Another early hours type-up.
I hate to rattle through these, but the way the clouds have been over the past year, it could be cloudy tomorrow and cloudy for a month. So I’m getting as much observing done as possible, especially while I don’t have to get up for work.
Here’s a list, all Messier objects observed tonight in Coma Berenices and Virgo, pretty much. …
M99, a mag 9.9 (who’d have thought it!) face-on galaxy. In Coma Berenices, near the border of Virgo.
M87, somewhat brighter at 8.6, a soft symmetrical glow. Pretty in the 25mm eyepiece.
M61, quite a difficult 9.7 mag, but easily seen after 11.30pm.
M91, very faint at 10.2. A barred spiral, but no real structure seen.
M98, a real treat, this one. Quite a large, edge-on spiral.
M89, a face on, smaller spiral.
M90, 10th mag.quite faint.
M91 – couldn’t see.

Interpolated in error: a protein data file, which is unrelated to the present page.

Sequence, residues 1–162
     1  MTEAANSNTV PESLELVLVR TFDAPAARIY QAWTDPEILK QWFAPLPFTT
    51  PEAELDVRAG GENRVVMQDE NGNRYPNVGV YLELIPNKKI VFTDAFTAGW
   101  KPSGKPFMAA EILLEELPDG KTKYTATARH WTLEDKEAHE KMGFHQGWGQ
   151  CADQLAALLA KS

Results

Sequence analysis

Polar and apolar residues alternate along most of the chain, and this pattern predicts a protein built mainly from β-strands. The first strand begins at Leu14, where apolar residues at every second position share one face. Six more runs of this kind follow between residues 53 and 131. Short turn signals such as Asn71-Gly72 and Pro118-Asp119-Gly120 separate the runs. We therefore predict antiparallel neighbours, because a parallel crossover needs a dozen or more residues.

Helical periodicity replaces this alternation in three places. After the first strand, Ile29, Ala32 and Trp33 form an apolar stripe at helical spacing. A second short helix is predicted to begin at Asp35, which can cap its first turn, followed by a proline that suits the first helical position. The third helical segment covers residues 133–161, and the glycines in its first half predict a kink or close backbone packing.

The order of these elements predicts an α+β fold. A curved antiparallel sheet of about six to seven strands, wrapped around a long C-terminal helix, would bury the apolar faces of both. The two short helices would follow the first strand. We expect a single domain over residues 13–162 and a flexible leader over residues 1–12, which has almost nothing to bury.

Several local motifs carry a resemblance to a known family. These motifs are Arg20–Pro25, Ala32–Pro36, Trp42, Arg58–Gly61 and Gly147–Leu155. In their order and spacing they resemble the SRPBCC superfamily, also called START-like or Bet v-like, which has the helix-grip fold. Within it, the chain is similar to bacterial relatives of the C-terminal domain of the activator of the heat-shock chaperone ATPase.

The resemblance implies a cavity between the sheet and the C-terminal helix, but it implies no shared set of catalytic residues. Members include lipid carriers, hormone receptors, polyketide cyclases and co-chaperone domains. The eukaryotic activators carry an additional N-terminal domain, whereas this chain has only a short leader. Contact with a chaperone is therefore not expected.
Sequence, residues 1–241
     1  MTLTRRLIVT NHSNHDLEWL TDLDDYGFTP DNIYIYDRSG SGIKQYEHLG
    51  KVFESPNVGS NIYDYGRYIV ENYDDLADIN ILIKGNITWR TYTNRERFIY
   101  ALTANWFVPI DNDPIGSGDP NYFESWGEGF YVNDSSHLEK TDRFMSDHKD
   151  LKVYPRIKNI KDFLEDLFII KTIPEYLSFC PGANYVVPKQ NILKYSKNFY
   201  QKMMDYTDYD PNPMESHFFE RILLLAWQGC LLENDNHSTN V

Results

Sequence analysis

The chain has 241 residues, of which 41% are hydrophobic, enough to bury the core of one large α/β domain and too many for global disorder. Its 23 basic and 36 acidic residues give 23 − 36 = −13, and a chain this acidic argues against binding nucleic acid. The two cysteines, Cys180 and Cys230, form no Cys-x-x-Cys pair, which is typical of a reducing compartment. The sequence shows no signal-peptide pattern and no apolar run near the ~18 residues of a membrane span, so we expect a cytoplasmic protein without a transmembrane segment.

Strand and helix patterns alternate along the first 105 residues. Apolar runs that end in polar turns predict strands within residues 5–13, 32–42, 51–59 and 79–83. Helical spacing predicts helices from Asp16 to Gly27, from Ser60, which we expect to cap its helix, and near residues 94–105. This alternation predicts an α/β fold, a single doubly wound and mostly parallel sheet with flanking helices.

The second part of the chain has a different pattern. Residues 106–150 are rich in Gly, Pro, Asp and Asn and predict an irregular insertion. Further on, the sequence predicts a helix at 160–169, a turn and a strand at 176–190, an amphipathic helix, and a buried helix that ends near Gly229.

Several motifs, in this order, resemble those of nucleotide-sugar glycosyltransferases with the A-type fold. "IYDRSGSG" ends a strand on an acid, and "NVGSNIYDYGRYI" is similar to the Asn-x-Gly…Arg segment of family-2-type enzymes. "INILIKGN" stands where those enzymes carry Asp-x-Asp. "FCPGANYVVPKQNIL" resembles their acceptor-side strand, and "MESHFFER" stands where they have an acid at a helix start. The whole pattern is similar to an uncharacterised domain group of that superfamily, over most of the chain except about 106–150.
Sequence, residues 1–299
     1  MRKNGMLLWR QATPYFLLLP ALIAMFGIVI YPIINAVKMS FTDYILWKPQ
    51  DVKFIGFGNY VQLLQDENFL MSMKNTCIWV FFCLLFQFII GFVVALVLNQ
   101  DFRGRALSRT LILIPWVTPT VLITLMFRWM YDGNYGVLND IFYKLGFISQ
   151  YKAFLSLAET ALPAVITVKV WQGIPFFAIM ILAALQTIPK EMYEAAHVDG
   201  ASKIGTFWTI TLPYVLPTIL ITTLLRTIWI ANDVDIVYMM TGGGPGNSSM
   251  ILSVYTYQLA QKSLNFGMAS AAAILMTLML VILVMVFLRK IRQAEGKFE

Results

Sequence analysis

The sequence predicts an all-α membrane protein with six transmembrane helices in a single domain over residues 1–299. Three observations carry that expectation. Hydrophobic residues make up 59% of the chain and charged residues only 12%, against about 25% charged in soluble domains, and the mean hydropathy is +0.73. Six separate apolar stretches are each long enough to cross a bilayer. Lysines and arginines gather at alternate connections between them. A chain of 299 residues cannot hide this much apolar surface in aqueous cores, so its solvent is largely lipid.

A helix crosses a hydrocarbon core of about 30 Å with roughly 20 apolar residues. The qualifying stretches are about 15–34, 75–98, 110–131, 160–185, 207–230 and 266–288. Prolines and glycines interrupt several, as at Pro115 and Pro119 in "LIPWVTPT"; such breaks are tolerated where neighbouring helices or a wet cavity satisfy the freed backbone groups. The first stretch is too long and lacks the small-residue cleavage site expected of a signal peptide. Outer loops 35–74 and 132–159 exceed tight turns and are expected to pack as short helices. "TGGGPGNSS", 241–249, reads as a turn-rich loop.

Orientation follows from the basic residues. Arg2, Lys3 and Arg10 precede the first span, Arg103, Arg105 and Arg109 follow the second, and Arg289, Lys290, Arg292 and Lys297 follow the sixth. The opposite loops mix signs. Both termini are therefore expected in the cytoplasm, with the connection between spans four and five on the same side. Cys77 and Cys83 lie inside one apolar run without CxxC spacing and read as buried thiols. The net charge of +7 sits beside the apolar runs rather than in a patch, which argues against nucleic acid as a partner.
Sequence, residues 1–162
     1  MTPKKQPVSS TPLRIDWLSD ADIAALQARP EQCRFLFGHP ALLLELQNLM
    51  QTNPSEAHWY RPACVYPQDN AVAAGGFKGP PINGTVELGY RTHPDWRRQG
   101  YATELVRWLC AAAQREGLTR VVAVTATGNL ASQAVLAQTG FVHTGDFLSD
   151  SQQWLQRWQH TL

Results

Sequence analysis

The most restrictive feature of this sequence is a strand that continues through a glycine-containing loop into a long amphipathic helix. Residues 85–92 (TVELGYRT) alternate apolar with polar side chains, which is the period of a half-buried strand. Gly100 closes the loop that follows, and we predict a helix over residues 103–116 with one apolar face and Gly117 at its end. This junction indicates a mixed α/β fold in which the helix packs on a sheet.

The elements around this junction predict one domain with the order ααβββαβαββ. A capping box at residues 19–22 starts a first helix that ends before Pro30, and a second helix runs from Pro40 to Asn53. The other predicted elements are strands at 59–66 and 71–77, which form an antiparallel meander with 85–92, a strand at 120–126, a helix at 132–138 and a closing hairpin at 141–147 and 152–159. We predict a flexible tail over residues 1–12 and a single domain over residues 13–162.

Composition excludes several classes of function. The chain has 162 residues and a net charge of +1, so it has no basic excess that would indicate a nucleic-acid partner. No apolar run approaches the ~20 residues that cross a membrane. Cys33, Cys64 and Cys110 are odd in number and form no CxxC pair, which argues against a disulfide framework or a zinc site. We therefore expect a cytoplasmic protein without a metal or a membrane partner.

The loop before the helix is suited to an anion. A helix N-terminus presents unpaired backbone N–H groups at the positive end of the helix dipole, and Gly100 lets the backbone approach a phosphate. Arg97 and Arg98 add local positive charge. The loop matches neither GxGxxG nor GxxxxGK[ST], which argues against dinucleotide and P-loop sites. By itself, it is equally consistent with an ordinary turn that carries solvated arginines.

M100 a 9.3 mag spiral, face-on, bright center, whispy otherwise.
Now, back to M87. I was sure I could see a nebulous companion, which could be NGC 4478, a smaller galaxy. according to O’Meara’s Messier Objects book. My (much older) Cambridge Messier album passes it off as a globular cluster.
My 1991 Cambridge Atlas collaborates the O’Meara book, so I’m going with another faint galaxy, and at 11th mag, the faintest deep sky object I’ve catalogued tonight.
Which makes ten new galactic entries in my journal, and with the fourteen I saw last night, that’s rich galactic pickings.
But there’s two more I saw tonight. Actually by mistake, as I entered M81 by mistake, and the scope slew to Bode’s. Of course, I checked it out, and I wondered why I seem to be able to get M81 and M82 in the same eyepiece in my 8″ reflector, yet not in this S/C. I reckon the answer lies in the focal length and I’ll think about that some other time. But looking at the edge-on spiral of M82 was superb tonight. Perhaps because it’s overhead, and brighter anyway (8.2 mag) than the Virgo and Coma galaxies I’d been spending the evening with. But wow!
Sketches on this stuff upcoming, but at least now I’ve catalogued it all here.
And the bonus to another excellent night’s observing was a sighting of Mercury, below Venus after sunset. A considerably more local friend than the distant massive star-families I’d be concerning myself with come darkness.